“You just have to dial down your annoyance meter and deal with it.”

Want to know how much you need to dial down your annoyance meter to get through this period of change and isolation? Count how many times you swear in a day. That will give you an idea of how much room there is to dial down your annoyance meter. Now have a good laugh at yourself.

Across the globe, almost all of us are in a state of drastic change. Even though there were warnings of its arrival, the lock downs associated with the COVID-19 pandemic seemed to appear suddenly.

Heap on fear over health, money, food, family, and the unknown, and people are on edge.

Even the things that can give us comfort and a sense of security can become too much. With schools closed, and adults working from home if possible, family time might feel more like quantity over quality right now.

Because I already worked from home, a lot about my daily routine has remained the same. But knowing that I’m now home for a different reason also fills me with a fair amount of anxiety, which in the past would lead to being easily aggravated or annoyed.

Read: It’s Okay to be Afraid

This all gets me thinking about a great phrase a friend of mine used a few years ago.

We were talking about some tedious chore that had to be done, I don’t remember the exact context any more.

He said, “You just have to dial down your annoyance meter and deal with it.”

Spot on.

I’ve used that advice many times, and it’s going to come in handy for the long haul we’re all on.

Because I tend to get in my head and anxious when I feel like I can’t control or fix a situation, I’ve made a conscious effort to dial down my “annoyance meter”.

It’s my strategy to be even more loving, kind, flexible, and patient not only with my husband who’s also now working from home, but to people in general. Who knows, maybe at the end we’ll even have some fond memories of how we used this time.

Here are some mindset hacks for dialing down your annoyance meter.

Let go of expectations. Everyone has their own routines and traditions that feel right to them. They don’t always line up with your own. Go with the flow. Your routines will be waiting for you when this is over. Or maybe you’ll see that you’re okay with new routines.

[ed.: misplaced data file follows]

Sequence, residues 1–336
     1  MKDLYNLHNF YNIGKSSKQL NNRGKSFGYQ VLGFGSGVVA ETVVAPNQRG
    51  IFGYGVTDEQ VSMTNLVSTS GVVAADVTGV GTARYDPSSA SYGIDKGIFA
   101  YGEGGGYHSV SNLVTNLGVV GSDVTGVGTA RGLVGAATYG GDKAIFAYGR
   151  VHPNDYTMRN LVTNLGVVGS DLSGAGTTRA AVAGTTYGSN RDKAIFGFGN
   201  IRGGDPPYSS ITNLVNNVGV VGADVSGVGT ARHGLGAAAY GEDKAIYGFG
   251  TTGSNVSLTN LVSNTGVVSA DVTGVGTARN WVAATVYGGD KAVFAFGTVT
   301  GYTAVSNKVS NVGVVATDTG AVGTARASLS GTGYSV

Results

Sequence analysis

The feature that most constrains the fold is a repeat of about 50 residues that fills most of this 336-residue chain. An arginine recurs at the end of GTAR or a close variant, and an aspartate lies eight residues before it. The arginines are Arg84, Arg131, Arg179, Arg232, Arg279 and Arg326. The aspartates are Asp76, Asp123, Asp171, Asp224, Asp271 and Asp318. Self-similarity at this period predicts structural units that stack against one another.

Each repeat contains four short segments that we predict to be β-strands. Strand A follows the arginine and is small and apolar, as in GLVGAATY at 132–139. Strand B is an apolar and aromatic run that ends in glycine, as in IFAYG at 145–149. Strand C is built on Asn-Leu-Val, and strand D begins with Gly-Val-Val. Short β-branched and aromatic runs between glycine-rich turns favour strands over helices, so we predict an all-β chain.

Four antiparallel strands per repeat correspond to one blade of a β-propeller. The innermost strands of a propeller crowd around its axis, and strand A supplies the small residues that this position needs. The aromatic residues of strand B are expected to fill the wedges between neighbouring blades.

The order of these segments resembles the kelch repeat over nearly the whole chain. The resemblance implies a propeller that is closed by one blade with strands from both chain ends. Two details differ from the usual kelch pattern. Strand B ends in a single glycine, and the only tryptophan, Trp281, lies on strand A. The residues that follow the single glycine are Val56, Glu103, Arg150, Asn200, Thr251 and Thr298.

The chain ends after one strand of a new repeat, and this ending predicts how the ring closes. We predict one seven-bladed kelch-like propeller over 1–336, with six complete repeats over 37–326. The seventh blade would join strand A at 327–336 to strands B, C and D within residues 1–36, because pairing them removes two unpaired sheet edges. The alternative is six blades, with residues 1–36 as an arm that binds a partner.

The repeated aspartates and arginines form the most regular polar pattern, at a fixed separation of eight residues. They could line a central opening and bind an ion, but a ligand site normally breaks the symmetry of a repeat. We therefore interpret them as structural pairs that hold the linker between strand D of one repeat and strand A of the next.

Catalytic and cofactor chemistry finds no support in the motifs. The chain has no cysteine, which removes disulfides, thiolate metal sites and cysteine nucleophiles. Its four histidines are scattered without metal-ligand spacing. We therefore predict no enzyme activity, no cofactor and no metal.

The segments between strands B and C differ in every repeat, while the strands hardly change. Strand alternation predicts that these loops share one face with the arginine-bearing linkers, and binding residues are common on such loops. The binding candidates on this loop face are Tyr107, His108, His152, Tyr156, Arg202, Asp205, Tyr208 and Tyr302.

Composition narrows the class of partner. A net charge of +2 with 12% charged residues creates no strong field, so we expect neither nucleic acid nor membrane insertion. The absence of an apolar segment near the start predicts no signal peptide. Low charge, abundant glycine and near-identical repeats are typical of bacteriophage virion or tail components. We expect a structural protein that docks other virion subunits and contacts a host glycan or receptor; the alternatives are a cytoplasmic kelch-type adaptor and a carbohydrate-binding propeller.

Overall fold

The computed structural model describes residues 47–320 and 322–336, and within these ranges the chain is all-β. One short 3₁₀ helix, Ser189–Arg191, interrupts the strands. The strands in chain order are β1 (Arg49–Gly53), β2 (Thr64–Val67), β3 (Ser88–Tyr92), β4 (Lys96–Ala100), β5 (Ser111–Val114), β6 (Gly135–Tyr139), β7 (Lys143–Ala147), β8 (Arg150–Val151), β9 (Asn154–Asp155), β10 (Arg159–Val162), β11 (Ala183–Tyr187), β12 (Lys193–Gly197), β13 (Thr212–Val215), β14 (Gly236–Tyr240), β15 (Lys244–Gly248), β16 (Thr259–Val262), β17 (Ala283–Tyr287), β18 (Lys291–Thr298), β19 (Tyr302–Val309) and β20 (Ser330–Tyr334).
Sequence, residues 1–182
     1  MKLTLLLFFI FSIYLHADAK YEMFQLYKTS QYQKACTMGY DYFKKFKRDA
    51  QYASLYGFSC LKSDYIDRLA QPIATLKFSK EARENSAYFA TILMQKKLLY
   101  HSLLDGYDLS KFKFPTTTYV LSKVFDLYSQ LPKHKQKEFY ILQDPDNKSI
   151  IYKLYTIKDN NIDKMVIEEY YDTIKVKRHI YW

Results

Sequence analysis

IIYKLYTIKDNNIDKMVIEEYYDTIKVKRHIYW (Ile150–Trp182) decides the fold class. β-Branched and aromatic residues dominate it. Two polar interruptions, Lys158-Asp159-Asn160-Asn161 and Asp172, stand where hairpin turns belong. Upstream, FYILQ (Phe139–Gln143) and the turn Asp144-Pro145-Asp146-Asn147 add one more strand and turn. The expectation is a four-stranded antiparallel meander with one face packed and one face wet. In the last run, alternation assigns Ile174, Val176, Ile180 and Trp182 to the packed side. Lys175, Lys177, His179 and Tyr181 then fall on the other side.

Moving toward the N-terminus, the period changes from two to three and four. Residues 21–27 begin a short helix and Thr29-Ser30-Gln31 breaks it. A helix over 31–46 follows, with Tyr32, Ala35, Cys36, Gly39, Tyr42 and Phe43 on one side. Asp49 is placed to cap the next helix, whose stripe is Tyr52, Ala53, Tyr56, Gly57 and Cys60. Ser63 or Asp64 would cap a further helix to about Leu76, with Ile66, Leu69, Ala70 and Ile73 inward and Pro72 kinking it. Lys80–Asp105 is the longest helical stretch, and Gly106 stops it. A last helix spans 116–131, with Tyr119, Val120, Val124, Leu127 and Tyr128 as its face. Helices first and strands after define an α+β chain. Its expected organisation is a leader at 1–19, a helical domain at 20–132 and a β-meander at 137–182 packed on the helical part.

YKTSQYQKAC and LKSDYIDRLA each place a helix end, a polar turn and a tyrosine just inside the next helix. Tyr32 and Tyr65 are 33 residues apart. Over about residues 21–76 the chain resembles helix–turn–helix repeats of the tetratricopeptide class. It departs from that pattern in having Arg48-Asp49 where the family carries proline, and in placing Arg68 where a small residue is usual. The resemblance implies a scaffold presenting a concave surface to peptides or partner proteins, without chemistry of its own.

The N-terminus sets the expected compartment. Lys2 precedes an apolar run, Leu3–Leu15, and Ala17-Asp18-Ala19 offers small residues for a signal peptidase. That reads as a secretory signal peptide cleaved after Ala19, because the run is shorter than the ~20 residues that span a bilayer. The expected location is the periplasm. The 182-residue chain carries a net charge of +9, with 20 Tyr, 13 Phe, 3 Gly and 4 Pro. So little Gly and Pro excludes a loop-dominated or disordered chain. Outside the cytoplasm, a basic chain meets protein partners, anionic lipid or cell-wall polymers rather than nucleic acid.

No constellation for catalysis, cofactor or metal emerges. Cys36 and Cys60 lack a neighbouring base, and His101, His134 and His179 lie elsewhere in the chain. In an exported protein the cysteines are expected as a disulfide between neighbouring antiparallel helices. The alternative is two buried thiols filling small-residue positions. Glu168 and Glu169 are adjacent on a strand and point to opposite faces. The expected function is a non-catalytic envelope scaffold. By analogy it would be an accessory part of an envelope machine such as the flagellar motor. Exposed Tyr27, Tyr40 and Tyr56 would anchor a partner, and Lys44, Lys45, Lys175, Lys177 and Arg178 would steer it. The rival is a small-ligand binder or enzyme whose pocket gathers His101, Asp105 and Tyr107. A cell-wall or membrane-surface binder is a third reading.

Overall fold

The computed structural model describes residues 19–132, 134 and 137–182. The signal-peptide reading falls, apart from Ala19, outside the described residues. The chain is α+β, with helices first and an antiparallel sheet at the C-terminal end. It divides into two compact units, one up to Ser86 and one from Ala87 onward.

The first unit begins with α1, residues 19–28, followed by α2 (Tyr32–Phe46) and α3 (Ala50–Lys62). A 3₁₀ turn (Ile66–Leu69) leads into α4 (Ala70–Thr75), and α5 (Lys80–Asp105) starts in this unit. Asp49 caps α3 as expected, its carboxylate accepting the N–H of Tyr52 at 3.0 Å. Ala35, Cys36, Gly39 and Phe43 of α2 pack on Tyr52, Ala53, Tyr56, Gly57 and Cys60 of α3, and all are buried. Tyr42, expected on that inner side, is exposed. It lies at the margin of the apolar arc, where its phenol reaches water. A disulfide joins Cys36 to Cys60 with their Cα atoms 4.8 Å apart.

Be open to possibilities. Give everyone and every situation a clean slate. Be open to new ways of doing things.

You’re going to have to be creative and flexible with the supplies that are available from the grocery stores. Not everyone fills the dishwasher or makes the bed the same way you do. Have some give and take about how you’ll spend your time together.

Don’t let your future peace of mind be ruined by past experience. Be willing to do it someone else’s way for a change.

Be willing to laugh (at yourself if needed). People are going to mess up, freak out, be stressed, be sad, and be annoying, including yourself. They’re going to chew too loud, hum a song you hate, complain too much, and look sloppy. Be willing to laugh at the human condition.

Everyone has a lot churning in the backgrounds of their minds, so keep the mood light.

Be forgiving. Cut people some slack. While you’re at it, do it for yourself as well. Be more than willing to apologize. Do it humbly, simply, and move on.

If you feel you are owed an apology, be okay with not receiving it, and get over it.

Don’t take things so personally. No one is out to get you. No one is trying to annoy you. If you feel annoyed, take a deep breath and dial down that meter.

Take a walk. Meditate for a few minutes. Talk yourself down. Use the bonus techniques in the next section. Put your situation into perspective.

These are a few bonus techniques for decreasing annoyance.

In addition to the mindset shifts I listed above, I take some physical actions too.

Visualization: I mentally visualize a dial, and I turn the dial down. Like an old fashioned dial on a television or monitor, I picture that dial dimming what it looks, sounds, and feels like to be annoyed.

Discharging: I picture annoyance as an energy. I direct it to flow down and out to whatever part of me is connected to the ground. That would be my feet or my seat. I discharge the annoyance right to the earth and let it dissipate.

Mantras: Pick a phrase or saying the helps you feel more chill. Keep it positive and uplifting. It can be spiritual, empowering, sassy…whatever helps you release a sense of annoyance.

“I’m so grateful for the things that are going right right now.”

While you’re at it, turn down your own annoying meter.

Examine your actions and behavior. Err on the side of being gentle, and flexible.

You don’t have to utter every thought that pops into your head. You don’t have to control and direct every action. You don’t have to offer every opinion. You don’t have to correct everything that you think is wrong.

For each action, ask yourself, is this going to help the situation?

“I’m always that annoying person that pulls out the camera in the middle of dinner and starts taking candids.” Maria Sharapova

We’re living in historic times. It’s up to each one of us what we make of it. To a large degree, it’s up to each one of us to determine how much we suffer or not.

It’s my aim to build up and not tear down. To heal and not to harm.

Peace to you, and be safe.

I want to send you my free guide, “5 Days to More Peace, More Prosperity, and More Happiness”. Click here to get the guide for free!

Visit me at www.christinebradstreet.com

Cross posted at www.christinebradstreet.com and Change Your Mind Change Your Life

All images open source from Pixabay.com